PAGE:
Temptation. Something about that word just sounds so…juicy. It’s seductive. It’s alluring. It’s mischievous. It’s naughty. I guess that’s why it’s called “temptation”. This week a pastor friend of mine was sharing a story of one of her parishioners who said, “When I get to that line in the Lord’s Prayer that says ‘and lead us not into temptation’ I always say ‘and leave us not in temptation’. I have no problem getting there on my own, it’s the getting out of temptation that I could use God’s help with”.
When Jesus is tempted with the offerings of the devil, he is faced with worldly goods…food, power and even immortality. And yet, Jesus is able to resist these temptations. The Spirit had led him into the wilderness, and the Spirit is with him when he emerges from the wilderness, ready to do ministry. The lesson here for us is to model Jesus’ behavior when tempted. If that’s all there was to the story, I could stop there, end my sermon and we could move on.
But it’s not. When I think about modern day temptations, most of us struggle with the need to keep up appearances that all is going well…we are tempted by products and services that make our lives better, richer, fuller, happier. And sometimes we give into these temptations. Just think of all the “As seen on TV products”…their consumer marketing is based on the need to give into the temptation of quick fixes to a better life.
But what about when temptation isn’t based on goods and services? What about the temptation to continue on with business as usual?
For the last couple of weeks I’ve been speaking about the five marks of mission and the changing nature of the church. These ideas call us to a place where “business as usual” is challenged. Evangelism being less about street corners and knocking on doors, but about making proclamations in line with our moral and ethical beliefs. The mission of the church being less about what happens within our walls and instead about our ministry in our communities. Yet, when faced with the challenges of change, the temptation is to dig our heels in and keep doing “business as usual”.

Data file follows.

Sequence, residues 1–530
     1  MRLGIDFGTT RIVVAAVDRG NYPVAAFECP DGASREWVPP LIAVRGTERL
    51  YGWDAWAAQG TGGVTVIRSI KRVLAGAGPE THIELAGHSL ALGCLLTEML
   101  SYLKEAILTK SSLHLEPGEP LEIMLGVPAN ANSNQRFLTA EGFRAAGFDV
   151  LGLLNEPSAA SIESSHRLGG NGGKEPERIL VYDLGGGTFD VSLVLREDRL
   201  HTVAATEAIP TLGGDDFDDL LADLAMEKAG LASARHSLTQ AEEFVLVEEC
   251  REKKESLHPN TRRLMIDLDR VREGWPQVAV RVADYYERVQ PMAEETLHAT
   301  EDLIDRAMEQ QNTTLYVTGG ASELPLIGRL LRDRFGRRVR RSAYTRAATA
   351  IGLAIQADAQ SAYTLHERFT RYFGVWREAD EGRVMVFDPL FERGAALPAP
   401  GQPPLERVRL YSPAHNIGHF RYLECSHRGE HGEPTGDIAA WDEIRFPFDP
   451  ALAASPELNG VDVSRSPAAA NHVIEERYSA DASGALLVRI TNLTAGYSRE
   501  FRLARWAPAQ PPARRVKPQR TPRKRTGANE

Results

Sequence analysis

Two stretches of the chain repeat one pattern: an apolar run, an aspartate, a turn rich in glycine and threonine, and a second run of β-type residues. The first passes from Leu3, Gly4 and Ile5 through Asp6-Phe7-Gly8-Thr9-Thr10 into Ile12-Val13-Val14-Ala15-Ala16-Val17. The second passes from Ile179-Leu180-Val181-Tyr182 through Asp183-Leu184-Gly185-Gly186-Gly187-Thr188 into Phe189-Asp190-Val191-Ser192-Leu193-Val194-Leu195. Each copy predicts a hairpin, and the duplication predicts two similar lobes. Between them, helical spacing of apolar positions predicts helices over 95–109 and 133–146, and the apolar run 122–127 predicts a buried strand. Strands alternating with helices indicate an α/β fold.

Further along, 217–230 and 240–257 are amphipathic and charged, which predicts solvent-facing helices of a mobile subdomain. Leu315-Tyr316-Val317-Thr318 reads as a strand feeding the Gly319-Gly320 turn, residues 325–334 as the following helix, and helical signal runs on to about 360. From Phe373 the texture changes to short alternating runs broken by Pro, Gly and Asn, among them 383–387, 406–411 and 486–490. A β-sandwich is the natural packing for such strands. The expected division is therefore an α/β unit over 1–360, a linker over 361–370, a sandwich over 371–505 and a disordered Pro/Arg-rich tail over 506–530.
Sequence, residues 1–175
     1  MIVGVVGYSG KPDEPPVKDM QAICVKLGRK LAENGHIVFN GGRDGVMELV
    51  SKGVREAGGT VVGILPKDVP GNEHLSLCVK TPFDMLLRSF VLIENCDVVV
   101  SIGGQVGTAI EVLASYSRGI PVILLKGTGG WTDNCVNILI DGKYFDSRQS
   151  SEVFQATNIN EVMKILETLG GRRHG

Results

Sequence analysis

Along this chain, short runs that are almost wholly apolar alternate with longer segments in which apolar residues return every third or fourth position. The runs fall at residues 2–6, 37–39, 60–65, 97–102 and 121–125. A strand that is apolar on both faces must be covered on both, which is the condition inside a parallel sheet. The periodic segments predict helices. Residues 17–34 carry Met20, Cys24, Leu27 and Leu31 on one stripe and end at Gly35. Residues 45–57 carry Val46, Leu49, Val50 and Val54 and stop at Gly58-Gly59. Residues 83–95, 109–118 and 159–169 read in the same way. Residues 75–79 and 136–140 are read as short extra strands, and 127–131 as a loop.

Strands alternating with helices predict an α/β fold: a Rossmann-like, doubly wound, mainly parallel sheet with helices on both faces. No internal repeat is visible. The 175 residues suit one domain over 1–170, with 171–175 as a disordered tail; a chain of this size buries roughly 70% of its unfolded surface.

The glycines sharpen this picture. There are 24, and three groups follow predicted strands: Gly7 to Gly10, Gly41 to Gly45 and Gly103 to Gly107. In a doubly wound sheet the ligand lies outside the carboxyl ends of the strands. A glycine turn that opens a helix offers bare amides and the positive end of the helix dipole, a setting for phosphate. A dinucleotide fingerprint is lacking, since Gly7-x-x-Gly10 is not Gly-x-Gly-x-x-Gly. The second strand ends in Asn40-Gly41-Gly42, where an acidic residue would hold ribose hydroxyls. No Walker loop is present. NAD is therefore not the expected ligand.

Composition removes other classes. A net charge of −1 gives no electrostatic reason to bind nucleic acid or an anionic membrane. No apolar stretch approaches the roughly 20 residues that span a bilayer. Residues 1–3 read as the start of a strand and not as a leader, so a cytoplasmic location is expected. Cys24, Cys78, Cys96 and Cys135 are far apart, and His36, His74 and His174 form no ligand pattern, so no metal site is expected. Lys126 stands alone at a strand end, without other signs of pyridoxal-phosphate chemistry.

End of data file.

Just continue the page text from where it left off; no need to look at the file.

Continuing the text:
So what are our temptations? Where is it easier for us to continue with “business as usual” instead of answering our call to ministry? Again, I’m going to look at the five marks of mission and explore some possibilities.
Mark 1 is to proclaim the Good News of the Kingdom. “Business as usual” calls this evangelism, so we get scared off and decide we can’t do this. We’ve given into temptation. But if we reframe this mark and accept the challenge to proclaim, then we find that in our words and deeds, we are making the Kingdom known to others.
Mark 2 is to teach, baptize and nurture new believers. “Business as usual”, or the temptation, says this is the work of the priest only and that it’s focused on getting more people in the pews. Yet, it’s really the work of all of us. How are we raising our youth? How are we welcoming the stranger and guest? Are we nurturing one another as beloved children of God?